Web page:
San Diego neighbors oppose veterans treatment center
SAN DIEGO — A plan for a 40-bed treatment center for military veterans from Iraq and Afghanistan suffering frompost-traumatic stress disorder or traumatic brain injury has run into opposition from neighborhood groups and a nearby charter school.
Proponents say that the center will keep troubled veterans from slipping into homelessness. But school officials are worried about danger to students posed by veterans struggling with mental health issues.
The volatile issue is set to be discussed by the City Council on Tuesday, although it could be delayed for 30 days to allow compromise negotiations to continue.
The Department of Veterans Affairs has allocated $30 million for the Aspire Center project, starting with remodeling a former Thomas Jefferson School of Law building on San Diego Avenue in the Old Town neighborhood.
The Old Town Academy, a free charter school that opened in September 2011, is directly across the street in another building once owned by the law school, which has moved to another campus.
Without an Aspire Center in San Diego, many veterans would fail to retain their “welfare and dignity” and join the growing ranks of the homeless, said retired Marine Lt. Col. Jack Harkins, chairman of the United Veterans Council of San Diego County.
But Tom Donahue, the academy’s executive director and principal, said parents are worried that the veterans could pose a threat or at least a disruption to the students. The school could find itself on lockdown if there is a problem at the center, he said.
“We’re not anti-veteran,” said Donahue, noting that some of his students are from military families. “We just feel this is the wrong location.”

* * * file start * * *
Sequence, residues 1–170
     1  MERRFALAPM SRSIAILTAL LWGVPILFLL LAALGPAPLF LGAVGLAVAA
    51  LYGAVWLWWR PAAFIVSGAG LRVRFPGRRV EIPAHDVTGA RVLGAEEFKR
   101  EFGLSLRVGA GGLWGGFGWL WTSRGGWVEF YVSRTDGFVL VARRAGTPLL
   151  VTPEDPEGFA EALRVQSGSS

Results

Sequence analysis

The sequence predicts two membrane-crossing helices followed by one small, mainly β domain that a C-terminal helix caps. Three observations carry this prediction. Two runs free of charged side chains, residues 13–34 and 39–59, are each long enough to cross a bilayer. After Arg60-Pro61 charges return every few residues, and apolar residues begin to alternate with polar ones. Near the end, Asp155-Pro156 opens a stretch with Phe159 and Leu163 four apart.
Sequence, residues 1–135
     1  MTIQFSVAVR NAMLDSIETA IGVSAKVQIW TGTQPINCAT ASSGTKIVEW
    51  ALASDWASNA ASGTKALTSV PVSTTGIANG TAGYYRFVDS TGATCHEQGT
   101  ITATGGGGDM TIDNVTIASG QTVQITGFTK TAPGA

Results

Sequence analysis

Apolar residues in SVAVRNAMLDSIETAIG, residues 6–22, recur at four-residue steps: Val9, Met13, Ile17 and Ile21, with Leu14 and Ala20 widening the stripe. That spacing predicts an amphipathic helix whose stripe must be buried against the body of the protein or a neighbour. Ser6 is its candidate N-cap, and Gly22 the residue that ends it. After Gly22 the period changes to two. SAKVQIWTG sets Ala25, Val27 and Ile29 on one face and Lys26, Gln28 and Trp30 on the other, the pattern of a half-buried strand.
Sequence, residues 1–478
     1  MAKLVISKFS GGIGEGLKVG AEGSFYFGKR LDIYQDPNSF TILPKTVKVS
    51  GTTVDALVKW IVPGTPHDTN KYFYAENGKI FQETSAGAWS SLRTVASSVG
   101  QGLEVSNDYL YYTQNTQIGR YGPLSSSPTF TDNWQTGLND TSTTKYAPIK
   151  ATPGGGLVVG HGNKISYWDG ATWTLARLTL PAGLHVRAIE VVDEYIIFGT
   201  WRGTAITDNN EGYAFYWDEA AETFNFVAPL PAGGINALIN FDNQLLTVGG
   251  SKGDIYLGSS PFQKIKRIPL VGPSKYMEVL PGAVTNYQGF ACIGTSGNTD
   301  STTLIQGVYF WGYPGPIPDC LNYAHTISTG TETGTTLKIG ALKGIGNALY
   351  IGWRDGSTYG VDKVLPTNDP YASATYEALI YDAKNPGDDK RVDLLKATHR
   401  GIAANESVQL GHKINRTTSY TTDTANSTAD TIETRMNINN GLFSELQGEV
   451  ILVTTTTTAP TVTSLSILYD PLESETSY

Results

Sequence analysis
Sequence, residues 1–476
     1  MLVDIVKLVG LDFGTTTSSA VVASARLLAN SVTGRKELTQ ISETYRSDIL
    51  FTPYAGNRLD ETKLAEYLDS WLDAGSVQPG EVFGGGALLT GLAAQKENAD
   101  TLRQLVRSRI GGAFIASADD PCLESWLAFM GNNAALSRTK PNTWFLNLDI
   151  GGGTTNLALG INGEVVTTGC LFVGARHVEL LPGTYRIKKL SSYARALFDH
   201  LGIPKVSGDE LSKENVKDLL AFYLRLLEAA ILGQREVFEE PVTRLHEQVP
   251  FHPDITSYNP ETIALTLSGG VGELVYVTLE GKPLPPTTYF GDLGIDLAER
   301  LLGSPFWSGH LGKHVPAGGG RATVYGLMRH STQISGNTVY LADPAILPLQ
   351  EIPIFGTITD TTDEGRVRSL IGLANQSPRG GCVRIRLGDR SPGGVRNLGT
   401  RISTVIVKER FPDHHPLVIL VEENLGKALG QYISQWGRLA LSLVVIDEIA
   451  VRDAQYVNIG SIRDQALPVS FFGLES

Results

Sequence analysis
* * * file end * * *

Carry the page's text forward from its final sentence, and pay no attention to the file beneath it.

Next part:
San Diego has more than 28,000 veterans from Iraq and Afghanistan, more than any area in the country, according to the VA. “The center will be a safe haven for veterans, concentrating on their process of recovery in preparation for a return to civilian life,” according to information forwarded by the agency to the City Council.
The center would provide treatment for veterans who do not need to be hospitalized but could benefit from rehabilitative services. The average stay would be 60 to 120 days, VA officials say.
The center would have a staff of 27 to provide occupational and vocational therapy, educational classes, mental health counseling, and substance abuse treatment. Of the 40 beds, six would be reserved for women.
The Mission Hills Town Council, which acts as an advisory group to the City Council on land-use issues, and the Old Town Chamber of Commerce also oppose the center.
The issue is politically tricky for the City Council, pitting two groups that council members say are a priority: military veterans and elementary school students. One council member, Sherri Lightner, is in a tight reelection campaign; another, Carl DeMaio, is in a runoff for mayor with Rep. Bob Filner, long a favorite with veterans’ groups.
Councilman Kevin Faulconer, who represents the Old Town area, is attempting to reach an eleventh-hour compromise between the Veterans Affairs Department and the school, according to a staff aide.
Proponents of the center worry that if the City Council turns down the conditional use permit, the VA will transfer the $30 million to a project somewhere else in the country. When a project slated for Miami encountered neighborhood opposition, the funding was transferred to a project in West Palm Beach, Fla.
On the other hand, Old Town Academy officials say nearly 200 parents signed a petition stating that they may withdraw their children from the K-8 school if the center opens. That could force the school to close because state funding is based on a per-student formula, school officials said.
“We’re a model, the kind of school that this country needs,” Donahue said. “And we were here first.”
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